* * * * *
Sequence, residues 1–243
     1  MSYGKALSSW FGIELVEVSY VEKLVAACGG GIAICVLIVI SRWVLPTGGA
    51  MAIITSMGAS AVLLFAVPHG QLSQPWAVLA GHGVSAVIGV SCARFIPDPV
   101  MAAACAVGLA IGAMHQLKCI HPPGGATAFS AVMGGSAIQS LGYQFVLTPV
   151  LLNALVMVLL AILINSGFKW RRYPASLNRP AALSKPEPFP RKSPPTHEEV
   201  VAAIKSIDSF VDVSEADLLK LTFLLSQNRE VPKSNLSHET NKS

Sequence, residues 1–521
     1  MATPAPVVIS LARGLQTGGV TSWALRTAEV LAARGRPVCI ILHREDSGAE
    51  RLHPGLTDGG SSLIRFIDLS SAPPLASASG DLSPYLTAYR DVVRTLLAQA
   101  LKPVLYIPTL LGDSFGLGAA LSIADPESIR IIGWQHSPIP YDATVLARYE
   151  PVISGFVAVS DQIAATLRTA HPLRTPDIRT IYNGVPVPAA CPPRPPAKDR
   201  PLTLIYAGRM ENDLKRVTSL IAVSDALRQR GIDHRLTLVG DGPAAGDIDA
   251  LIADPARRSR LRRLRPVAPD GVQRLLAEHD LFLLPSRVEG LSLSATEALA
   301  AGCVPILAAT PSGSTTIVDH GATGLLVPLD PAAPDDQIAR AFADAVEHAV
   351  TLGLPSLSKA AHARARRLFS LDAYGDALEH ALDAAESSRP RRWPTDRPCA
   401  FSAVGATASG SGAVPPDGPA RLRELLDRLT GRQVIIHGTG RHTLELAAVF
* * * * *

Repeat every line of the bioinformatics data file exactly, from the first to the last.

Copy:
Sequence, residues 1–243
     1  MSYGKALSSW FGIELVEVSY VEKLVAACGG GIAICVLIVI SRWVLPTGGA
    51  MAIITSMGAS AVLLFAVPHG QLSQPWAVLA GHGVSAVIGV SCARFIPDPV
   101  MAAACAVGLA IGAMHQLKCI HPPGGATAFS AVMGGSAIQS LGYQFVLTPV
   151  LLNALVMVLL AILINSGFKW RRYPASLNRP AALSKPEPFP RKSPPTHEEV
   201  VAAIKSIDSF VDVSEADLLK LTFLLSQNRE VPKSNLSHET NKS

Sequence, residues 1–521
     1  MATPAPVVIS LARGLQTGGV TSWALRTAEV LAARGRPVCI ILHREDSGAE
    51  RLHPGLTDGG SSLIRFIDLS SAPPLASASG DLSPYLTAYR DVVRTLLAQA
   101  LKPVLYIPTL LGDSFGLGAA LSIADPESIR IIGWQHSPIP YDATVLARYE
   151  PVISGFVAVS DQIAATLRTA HPLRTPDIRT IYNGVPVPAA CPPRPPAKDR
   201  PLTLIYAGRM ENDLKRVTSL IAVSDALRQR GIDHRLTLVG DGPAAGDIDA
   251  LIADPARRSR LRRLRPVAPD GVQRLLAEHD LFLLPSRVEG LSLSATEALA
   301  AGCVPILAAT PSGSTTIVDH GATGLLVPLD PAAPDDQIAR AFADAVEHAV
   351  TLGLPSLSKA AHARARRLFS LDAYGDALEH ALDAAESSRP RRWPTDRPCA
   401  FSAVGATASG SGAVPPDGPA RLRELLDRLT GRQVIIHGTG RHTLELAAVF